“Whether negotiating from the brand side or the influencer side, these are the issues to consider for the ‘prenup’ provisions of a collaboration agreement.”
Trust and estate attorneys regularly advise their clients to enter into prenuptial agreements to protect the valuable assets each spouse brings to the marriage as well as how to distribute community property in the event of a divorce. Brand collaborations with celebrities, influencers or other brands are much like marriages, but brand collaborations are even more unlikely to last.
Why not plan for the split, whether it be a conscious uncoupling or a Page 6 kind of divorce, with a prenup?
The high profile split between Adidas and Ye (fka Kanye West) reminds us that collaboration agreements should not only plan for the best of times, but it is worth setting up the agreement to account for a sudden and troubling end.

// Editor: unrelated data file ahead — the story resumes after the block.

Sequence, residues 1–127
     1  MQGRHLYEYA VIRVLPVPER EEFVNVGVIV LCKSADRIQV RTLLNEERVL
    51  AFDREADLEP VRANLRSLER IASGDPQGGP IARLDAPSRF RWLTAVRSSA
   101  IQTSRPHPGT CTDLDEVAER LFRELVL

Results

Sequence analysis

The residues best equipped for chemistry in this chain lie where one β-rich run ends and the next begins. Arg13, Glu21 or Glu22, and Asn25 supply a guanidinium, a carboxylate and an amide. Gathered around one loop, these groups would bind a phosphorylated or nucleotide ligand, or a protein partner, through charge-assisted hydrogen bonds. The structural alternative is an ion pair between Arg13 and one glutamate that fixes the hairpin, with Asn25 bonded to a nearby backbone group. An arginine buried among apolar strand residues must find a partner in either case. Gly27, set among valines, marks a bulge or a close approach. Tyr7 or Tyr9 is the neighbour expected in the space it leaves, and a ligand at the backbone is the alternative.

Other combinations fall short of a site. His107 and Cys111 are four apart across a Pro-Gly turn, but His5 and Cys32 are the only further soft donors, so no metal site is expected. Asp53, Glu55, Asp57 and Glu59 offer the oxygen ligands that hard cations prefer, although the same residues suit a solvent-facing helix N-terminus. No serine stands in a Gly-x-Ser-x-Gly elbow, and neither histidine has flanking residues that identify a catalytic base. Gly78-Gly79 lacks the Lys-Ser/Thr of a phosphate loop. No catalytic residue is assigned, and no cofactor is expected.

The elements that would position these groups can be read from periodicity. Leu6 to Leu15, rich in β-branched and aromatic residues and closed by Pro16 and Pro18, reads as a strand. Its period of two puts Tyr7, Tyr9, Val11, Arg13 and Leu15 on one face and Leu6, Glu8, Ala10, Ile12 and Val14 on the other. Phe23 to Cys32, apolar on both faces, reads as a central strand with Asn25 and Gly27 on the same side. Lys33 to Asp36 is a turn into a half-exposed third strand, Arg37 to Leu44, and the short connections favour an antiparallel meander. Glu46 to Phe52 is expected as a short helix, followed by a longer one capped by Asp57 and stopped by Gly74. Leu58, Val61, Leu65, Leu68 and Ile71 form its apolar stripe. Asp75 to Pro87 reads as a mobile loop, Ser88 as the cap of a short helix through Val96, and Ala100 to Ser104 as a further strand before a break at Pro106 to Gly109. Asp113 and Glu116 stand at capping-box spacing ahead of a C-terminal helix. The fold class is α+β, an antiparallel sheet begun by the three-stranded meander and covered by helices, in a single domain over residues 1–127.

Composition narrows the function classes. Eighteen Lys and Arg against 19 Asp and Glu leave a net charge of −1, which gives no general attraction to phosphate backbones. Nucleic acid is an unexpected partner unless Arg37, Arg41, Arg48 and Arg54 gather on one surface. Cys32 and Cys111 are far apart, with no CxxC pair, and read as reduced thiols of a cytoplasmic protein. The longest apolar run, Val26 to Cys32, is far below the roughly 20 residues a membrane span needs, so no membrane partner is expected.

Brand collaborations (like marriages) bring together the goodwill of two parties to create something unique – often a co-branded product, sometimes an entirely new trademark and almost always new content. Key provisions in a collaboration agreement should set forth which party will own any and all intellectual property rights created as a result of the relationship. There can be new trademarks, new trade dress rights, new patentable designs and inventions, new material subject to copyright protections, and potentially even trade secrets. When Adidas announced it was ending its partnership with Ye for the Yeezy brand line of footwear, it included one sentence towards the bottom of its press release that shows its intellectual property attorneys thought well ahead to the end of the once highly successful partnership: “Adidas is the sole owner of all design rights to existing products as well as previous and new colorways under the partnership.”